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Cowen Says Hold; A Buyout’s Unlikely

A day after the second-biggest Linux vendor, Novell (NOVL), was offered $2.2 billion to merge, Cowen & Co.’s Gregg Moskowitz initiated coverage of the biggest, Red Hat (RHT), with a Neutral rating, writing that while Red Hat’s business is rebounding, its stock is rich and some of its opportunities are not as verdant as they once were.

Red Hat has been very successful at turning users of the free Linux operating system into paying customers who receive support and upgrades on a subscription basis, creating a nice annuity revenue stream.

Moskowitz notes that the company’s growth in revenue coming out of balance sheet as its realized, called billings, is set to rebound, which is a good sign. Billings growth was a heady 25% to 35% in 2006 to 2008, but slowed in fiscal 2009 to 18% and to 11% in fiscal 2010. However, he sees billings rebounding by 20% in 2011 and by 17% in 2012.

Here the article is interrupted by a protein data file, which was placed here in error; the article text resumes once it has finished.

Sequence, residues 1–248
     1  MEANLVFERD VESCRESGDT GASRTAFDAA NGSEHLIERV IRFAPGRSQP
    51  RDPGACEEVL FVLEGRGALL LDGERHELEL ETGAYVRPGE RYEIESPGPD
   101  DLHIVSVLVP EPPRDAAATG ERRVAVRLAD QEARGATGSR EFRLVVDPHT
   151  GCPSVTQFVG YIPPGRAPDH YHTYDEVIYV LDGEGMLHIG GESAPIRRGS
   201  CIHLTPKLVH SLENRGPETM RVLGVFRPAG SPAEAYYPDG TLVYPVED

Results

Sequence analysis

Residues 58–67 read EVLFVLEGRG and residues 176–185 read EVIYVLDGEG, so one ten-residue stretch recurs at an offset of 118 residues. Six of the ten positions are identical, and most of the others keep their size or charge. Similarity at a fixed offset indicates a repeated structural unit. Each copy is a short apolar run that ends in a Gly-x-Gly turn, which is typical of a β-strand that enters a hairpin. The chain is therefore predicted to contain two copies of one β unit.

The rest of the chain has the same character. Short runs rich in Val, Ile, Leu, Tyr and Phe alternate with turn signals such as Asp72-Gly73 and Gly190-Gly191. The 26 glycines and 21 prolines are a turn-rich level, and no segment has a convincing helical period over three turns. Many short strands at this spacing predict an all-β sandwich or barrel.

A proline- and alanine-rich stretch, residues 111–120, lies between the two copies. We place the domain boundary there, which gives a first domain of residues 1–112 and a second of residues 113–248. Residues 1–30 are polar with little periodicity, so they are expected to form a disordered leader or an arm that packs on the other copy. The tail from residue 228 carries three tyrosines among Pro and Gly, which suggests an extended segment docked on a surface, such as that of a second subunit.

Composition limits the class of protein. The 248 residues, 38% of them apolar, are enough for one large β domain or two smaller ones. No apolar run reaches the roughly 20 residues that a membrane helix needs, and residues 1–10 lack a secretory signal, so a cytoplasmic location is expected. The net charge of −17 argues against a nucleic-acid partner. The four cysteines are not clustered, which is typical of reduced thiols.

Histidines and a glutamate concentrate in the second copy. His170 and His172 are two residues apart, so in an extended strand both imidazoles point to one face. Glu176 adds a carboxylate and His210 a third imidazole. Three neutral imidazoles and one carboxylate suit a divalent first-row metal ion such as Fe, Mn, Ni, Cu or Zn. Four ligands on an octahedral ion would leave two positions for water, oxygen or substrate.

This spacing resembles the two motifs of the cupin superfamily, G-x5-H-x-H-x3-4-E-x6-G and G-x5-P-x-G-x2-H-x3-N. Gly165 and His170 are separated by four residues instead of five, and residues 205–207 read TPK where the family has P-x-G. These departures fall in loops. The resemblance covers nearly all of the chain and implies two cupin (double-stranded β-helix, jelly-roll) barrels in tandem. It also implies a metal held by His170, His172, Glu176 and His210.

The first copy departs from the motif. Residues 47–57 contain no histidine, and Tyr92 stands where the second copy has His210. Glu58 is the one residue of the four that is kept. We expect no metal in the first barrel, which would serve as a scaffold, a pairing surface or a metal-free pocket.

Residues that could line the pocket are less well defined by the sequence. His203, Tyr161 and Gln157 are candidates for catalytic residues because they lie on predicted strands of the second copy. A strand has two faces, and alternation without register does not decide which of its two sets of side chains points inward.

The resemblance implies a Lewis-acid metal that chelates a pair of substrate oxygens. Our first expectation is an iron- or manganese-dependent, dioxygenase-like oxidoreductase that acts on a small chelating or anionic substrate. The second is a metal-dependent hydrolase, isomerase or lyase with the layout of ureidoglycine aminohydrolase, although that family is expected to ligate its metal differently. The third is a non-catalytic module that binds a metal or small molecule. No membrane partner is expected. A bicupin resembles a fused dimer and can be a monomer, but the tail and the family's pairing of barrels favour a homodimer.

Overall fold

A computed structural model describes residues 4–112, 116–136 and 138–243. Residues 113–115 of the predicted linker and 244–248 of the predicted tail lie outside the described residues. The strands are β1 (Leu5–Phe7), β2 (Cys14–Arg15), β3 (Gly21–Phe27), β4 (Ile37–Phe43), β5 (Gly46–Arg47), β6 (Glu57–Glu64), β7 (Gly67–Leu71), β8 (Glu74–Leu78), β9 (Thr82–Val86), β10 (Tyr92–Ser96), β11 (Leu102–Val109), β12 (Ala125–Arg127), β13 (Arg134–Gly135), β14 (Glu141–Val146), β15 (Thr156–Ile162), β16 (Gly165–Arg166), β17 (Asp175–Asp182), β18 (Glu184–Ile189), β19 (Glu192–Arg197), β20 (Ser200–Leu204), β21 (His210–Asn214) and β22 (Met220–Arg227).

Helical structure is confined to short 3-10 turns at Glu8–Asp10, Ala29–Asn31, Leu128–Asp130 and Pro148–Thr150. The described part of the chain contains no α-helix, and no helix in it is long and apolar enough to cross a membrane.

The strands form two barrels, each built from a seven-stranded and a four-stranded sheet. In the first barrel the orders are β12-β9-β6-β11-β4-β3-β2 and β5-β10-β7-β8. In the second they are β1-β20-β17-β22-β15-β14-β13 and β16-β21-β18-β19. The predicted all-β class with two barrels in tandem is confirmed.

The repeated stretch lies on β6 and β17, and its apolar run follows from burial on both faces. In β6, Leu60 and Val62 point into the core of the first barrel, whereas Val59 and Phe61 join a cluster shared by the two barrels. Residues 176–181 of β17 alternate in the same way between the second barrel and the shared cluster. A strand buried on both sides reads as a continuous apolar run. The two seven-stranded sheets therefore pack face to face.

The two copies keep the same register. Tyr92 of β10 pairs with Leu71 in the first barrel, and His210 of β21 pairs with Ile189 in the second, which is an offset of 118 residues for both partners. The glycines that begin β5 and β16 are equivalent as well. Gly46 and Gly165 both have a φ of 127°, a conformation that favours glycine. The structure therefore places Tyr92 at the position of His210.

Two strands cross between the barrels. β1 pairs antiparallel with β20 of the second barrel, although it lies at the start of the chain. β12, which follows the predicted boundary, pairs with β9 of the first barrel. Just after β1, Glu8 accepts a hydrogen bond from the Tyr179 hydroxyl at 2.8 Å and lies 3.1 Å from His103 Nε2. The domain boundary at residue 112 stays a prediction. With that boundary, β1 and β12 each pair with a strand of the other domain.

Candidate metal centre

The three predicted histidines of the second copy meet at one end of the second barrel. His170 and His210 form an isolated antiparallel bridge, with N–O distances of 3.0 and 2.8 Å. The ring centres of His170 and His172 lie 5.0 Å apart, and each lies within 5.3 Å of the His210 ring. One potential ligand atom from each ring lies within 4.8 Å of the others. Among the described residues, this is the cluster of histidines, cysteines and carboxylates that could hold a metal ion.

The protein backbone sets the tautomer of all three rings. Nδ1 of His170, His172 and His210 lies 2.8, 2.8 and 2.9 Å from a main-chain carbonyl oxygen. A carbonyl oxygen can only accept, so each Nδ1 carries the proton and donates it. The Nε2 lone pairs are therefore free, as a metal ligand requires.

The company’s also done a “very effective job” of growing a market for JBoss, a set of tools for enterprise servers that Red Hat bought in 2006.

However, there’s little room for upside to Red Hat’s projected billings growth, as the Unix server market has been plowed for many years by Red Hat and there are fewer converts there to win.

The stock seems priced for perfection, given that it trades at about 27 times as a multiple of enterprise value to free cash flow, which is just below the 28 times to 29 times given to “software as a service companies,” which are set to grow faster than Red Hat.

At that premium valuation, Moskowitz thinks it’s improbable, though not impossible, Red Hat will get bought out. IBM (IBM) and Oracle (ORCL), he notes, don’t generally pay high multiples to free cash flow or revenue.
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